Autonomy, gender, politics

New York: Oxford University Press (2003)
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Abstract

Women have historically been prevented from living autonomously by systematic injustice, subordination, and oppression. The lingering effects of these practices have prompted many feminists to view autonomy with suspicion. Here, Marilyn Friedman defends the ideal of feminist autonomy. In her eyes, behavior is autonomous if it accords with the wants, cares, values, or commitments that the actor has reaffirmed and is able to sustain in the face of opposition. By her account, autonomy is socially grounded yet also individualizing and sometimes socially disruptive, qualities that can be ultimately advantageous for women. Friedman applies the concept of autonomy to domains of special interest to women. She defends the importance of autonomy in romantic love, considers how social institutions should respond to women who choose to remain in abusive relationships, and argues that liberal societies should tolerate minority cultural practices that violate women's rights so long as the women in question have chosen autonomously to live according to those practices.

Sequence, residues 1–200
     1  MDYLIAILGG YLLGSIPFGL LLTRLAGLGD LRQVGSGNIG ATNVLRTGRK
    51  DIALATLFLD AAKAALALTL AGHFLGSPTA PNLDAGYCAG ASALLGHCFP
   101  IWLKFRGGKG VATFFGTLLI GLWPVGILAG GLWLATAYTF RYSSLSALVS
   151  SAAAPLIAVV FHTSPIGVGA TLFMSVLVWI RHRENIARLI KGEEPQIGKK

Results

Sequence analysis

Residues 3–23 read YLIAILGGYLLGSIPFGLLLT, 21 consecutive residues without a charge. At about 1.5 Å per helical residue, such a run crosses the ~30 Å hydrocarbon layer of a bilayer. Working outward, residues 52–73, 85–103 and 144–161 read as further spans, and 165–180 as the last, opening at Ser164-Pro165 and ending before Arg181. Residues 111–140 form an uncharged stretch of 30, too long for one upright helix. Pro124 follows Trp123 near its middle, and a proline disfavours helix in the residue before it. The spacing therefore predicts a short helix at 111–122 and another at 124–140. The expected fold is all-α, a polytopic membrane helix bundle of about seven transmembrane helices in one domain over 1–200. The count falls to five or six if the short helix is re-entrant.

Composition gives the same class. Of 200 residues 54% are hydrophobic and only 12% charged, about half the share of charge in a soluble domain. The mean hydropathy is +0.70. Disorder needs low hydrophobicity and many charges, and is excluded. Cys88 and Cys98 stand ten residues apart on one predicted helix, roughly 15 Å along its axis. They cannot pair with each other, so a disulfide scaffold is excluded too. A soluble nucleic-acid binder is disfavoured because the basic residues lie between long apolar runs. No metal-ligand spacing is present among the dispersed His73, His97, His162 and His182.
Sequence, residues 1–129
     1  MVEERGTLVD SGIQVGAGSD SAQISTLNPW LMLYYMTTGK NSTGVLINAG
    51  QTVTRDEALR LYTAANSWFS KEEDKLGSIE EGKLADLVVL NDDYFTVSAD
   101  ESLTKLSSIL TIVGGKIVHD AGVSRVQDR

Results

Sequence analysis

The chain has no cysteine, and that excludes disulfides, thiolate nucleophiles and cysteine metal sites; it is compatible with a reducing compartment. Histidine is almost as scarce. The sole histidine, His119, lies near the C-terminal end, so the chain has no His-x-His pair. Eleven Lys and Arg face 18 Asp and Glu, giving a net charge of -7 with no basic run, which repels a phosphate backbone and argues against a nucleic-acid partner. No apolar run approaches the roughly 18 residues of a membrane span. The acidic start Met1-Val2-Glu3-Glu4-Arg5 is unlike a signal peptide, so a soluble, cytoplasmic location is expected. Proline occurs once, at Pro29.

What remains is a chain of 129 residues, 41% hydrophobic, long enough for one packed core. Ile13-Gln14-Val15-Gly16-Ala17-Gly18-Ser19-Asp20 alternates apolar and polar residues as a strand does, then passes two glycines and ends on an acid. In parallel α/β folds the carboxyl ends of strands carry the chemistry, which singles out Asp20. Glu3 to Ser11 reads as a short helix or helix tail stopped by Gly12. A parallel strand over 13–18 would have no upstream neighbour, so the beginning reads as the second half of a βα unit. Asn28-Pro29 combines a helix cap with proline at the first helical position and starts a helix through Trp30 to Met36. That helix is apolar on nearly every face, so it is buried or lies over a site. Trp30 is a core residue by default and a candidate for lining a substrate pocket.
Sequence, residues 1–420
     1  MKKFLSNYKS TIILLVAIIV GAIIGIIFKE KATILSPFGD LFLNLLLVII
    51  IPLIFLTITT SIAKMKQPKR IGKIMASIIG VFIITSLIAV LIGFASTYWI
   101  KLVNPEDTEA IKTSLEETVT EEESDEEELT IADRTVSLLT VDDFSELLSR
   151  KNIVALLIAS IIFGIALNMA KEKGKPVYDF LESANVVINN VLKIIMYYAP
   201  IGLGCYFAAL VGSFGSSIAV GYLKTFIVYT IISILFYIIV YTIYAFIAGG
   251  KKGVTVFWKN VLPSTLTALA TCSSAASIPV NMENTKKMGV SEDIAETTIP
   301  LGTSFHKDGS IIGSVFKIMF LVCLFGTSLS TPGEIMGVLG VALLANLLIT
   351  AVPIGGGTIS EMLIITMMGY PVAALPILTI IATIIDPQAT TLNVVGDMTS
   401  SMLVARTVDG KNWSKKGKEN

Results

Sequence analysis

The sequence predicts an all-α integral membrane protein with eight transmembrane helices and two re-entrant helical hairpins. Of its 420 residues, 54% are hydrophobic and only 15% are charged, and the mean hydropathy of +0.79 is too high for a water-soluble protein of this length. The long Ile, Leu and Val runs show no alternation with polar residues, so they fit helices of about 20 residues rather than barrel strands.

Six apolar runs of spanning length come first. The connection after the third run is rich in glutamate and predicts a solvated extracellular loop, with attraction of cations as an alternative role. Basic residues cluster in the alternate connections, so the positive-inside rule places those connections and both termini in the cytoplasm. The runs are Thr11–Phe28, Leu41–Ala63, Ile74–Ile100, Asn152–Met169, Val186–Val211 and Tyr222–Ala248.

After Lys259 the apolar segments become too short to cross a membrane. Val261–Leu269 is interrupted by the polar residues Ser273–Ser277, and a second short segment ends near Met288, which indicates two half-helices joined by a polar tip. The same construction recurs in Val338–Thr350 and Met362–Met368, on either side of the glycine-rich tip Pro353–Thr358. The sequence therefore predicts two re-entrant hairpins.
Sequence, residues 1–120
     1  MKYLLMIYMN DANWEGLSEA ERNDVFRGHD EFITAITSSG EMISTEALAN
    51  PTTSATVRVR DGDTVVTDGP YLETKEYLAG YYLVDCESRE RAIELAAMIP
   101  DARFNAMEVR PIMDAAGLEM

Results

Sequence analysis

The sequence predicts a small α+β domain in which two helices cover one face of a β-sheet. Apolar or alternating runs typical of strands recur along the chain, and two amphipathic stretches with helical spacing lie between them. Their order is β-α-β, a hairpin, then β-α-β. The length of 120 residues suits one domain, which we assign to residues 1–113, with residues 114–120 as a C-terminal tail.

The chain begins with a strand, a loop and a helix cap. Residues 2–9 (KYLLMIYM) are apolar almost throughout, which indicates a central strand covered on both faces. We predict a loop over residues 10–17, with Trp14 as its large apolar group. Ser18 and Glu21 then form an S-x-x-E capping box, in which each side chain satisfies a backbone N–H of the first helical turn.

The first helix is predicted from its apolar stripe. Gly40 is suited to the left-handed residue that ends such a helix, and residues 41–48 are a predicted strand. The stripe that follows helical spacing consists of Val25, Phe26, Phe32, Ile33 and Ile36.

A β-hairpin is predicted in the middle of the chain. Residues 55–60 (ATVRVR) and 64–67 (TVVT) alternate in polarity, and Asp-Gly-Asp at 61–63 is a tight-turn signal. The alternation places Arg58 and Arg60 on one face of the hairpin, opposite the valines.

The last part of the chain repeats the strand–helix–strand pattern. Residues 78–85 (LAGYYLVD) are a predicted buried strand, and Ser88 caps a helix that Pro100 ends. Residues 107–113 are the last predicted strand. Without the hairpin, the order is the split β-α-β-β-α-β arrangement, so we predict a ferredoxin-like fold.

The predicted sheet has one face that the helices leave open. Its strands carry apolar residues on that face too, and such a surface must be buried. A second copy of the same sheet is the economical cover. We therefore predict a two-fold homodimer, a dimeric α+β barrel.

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Marilyn Friedman
Washington University in St. Louis

Citations of this work

The Feminist Case Against Relational Autonomy.Serene J. Khader - 2020 - Journal of Moral Philosophy 17 (5):499-526.
Feminist Perspectives on Autonomy.Natalie Stoljar - forthcoming - Stanford Encyclopedia of Philosophy.
The Autonomous Life: A Pure Social View.Michael Garnett - 2014 - Australasian Journal of Philosophy 92 (1):143-158.

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